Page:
Radical, regressive feminism, religion, and pseudoscience are things I’m constantly bombarded with on my Facebook feed. I’m also confronted with a lot of narrow-mindedness in the opposite direction, at work, or at various social gatherings. But I want to finally talk about it, and talk about the issues I see, and what happens when I dare to confront them. Join me for the ride in my next blog-post.

Generational Shame

It’s a sad moment, when you realise just what your generation will leave behind for the after-world to say “aaaahhhh” over. What kind of “aaahhh” this is is completely dependant on what the people born in your decade can all nod and smile about, with this deeper understanding, this secret handshake, that anyone born after you will never quite be able to get to the same level. My husband can say “I love the Star Wars movies” without having to explain which ‘generation’ of Star Wars he was referring to. My oldest brother played the original Super Mario games before it became hipster-chique to play them. And I… I bonded over the Little Mermaid with a girl my age in Shakespeare class today.

This is very sad. I am simply wondering if the people growing up during the 90s have something to be proud of? What did we have that has become… cool? Hip? Trendy, because the geek-chique of today approve of it? I missed the wave of Barbie-Dolls, Spice Girls and Take That which swept over a world of pink and glitter, in a strange 90s which idealised the extremely girly or the extremely grungy. Mostly, people my age and I have little to bond over, but that it has to be Disney Movies is no consolation. I DID manage to snag a small corner of the ‘white but still cool and not completely bonkers Michael Jackson’ era, but everyone agrees that Thriller and Bad were his hay-days. I could not have told you who Nirvana were before the later part of the first decade of this millennium… but I actually still can’t. Though I have understood it has something to do with Kurt Cobain (oh look, I spelled that right before I looked it up!) and him shooting himself even though he swore he didn’t have a gun in the song. I also caught up with the other guys way after it was cool to listen to them: Red Hot Chili Peppers, Beck, Cake, Pearl Jam, Goo Goo Dolls, Green Day… I started listening to them when it was cool to listen to them AGAIN. (I’m referring to the bulging mass of Indie-kids of today, who think that a band is only worth listening to if they played alternative rock in the 90s, or even better, you don’t know who they are, have never heard of them, and “don’t get their sound” when you’re made to listen to them.)

One good reason I missed out on plenty of 90s music is because when Silence of the Lambs came out I was only 3, and around the same age with the other “people will never forget about them and keep quoting them to death” movies: Pulp Fiction, Forrest Gump, Schindler’s List, Titanic, Jurassic Park, The Matrix (first one) etc. I did get in on most of the Disney Action: The Lion King was enormous, as was Beauty and the Beast and Aladdin. I did miss out on Toy Story. I wonder why my parents decided that one in particular wasn’t anything for us. Would it make us want toys? Are the cowboy and the astronaut too stereotypical to be good heroes for hippie-kids? No, that doesn’t make any sense. Because I never saw Pocahontas either.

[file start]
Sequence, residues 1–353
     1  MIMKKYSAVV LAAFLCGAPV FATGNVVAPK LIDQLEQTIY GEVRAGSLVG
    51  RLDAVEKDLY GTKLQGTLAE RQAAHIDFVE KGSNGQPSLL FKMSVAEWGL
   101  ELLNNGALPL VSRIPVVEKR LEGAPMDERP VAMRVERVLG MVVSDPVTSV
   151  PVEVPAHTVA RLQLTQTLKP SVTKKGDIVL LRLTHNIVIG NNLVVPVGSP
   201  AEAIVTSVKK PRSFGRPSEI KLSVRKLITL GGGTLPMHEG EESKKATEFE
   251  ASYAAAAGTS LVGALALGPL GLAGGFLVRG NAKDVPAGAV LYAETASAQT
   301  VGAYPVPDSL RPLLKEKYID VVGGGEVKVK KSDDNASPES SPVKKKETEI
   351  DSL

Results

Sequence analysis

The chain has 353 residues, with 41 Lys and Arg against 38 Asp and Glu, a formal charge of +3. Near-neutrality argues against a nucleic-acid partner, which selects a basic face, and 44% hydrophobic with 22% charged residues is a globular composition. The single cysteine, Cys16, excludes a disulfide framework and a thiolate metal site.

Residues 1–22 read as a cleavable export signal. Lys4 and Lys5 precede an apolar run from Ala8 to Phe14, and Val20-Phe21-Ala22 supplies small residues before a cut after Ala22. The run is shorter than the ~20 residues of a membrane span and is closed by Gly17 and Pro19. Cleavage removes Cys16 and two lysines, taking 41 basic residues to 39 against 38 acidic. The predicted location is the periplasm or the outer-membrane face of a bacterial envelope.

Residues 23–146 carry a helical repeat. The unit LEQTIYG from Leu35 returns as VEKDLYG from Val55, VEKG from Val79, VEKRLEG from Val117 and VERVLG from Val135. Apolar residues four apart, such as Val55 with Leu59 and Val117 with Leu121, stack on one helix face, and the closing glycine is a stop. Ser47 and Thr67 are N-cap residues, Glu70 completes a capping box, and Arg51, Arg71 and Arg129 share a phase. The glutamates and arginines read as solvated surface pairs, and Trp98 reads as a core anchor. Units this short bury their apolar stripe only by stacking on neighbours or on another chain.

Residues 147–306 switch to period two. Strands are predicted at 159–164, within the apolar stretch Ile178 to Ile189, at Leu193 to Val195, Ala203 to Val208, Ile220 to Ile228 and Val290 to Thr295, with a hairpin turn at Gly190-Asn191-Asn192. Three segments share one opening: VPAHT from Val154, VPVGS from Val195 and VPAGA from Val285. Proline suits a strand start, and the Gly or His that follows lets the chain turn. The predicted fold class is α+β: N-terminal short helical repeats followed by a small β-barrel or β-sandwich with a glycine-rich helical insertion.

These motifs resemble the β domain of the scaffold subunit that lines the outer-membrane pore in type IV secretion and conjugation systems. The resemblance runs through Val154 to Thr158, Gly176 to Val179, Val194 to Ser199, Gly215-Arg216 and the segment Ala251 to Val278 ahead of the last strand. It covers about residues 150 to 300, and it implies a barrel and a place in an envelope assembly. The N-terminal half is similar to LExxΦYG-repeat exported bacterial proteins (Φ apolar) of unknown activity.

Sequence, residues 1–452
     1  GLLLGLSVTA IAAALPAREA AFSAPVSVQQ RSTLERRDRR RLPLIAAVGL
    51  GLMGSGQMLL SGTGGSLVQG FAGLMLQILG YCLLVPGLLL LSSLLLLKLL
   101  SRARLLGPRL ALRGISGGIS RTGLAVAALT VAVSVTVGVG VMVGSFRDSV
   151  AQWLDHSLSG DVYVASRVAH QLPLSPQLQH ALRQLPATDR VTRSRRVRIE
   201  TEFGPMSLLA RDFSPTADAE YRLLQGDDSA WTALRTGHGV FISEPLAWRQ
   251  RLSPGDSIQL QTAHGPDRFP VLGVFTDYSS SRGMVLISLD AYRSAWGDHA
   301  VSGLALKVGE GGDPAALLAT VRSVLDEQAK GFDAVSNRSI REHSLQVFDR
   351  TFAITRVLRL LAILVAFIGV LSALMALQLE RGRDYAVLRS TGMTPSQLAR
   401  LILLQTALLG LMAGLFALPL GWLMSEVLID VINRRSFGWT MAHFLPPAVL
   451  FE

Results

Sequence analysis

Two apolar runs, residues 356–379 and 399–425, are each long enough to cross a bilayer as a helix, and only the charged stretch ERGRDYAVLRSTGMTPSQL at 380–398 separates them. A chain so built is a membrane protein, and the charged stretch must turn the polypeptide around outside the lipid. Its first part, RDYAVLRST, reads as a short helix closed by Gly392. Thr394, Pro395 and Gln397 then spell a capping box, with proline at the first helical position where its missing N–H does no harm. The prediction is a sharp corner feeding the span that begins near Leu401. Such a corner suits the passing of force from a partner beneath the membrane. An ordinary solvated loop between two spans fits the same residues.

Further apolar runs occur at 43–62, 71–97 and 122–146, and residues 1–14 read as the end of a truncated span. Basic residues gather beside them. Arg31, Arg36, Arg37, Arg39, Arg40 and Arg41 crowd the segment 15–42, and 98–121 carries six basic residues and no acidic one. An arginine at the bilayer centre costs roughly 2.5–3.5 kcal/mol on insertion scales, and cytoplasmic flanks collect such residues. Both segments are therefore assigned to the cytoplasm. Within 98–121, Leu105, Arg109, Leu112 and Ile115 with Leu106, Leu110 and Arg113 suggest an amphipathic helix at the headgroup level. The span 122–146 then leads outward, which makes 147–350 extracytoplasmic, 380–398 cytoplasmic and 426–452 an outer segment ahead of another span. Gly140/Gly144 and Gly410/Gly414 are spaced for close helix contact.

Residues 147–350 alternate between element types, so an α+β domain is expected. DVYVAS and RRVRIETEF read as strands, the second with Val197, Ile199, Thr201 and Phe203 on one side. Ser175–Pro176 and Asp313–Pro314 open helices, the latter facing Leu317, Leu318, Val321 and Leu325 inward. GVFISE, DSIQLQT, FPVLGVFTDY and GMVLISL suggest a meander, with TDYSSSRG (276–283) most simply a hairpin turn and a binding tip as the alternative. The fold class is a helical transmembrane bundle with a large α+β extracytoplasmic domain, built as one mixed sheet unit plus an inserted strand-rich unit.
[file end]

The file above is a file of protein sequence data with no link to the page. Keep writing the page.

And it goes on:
Anyway, I just hope that something from my time will become cool again. Not Indie-kid cool, or hipster cool, and definitely not american football-player cool. No. I hope something from the 90s will be cool to the new ruling class: the geeks and nerds of the world. In case no-one else noticed, being geeky and nerdy has magically become the new sexy (more on that in some later blog-post). I just hope that when my children grow up, I can tell them better things than “when I lived in Canada, Justin Bieber became famous” or “Miley Cirus actually went from bad to fucking crazily nutty seriously what are you doing? Seriously” or “Well, at least Britney Spears isn’t popular anymore…”. We have one hero from the 90s, though I don’t think he is to the geeks: a man who managed to leave a sad boy-band and instead of failing completely, turned out some pretty good music, because he actually had a voice, and a personality. Yes, I think we all know that we’re talking about Robbie here. So there was always something good that the 90s left behind (though it took till the new millennium for that transformation to finish).

If you would like to point out something positive the 90s gave us which is cool/useful/nice/edible/acceptable to geeks, please chime in, and make me feel a bit better about being… a 90s kid.

I leave you with this sad and hopeful tune.

http://www.youtube.com/watch?v=4D35vfQ7eZg